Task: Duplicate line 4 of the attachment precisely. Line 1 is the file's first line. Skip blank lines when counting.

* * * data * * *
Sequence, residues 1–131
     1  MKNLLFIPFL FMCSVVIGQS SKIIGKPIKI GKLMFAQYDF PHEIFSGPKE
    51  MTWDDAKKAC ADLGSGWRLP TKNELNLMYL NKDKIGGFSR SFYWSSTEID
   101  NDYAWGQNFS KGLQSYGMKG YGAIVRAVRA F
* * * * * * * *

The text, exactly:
   101  NDYAWGQNFS KGLQSYGMKG YGAIVRAVRA F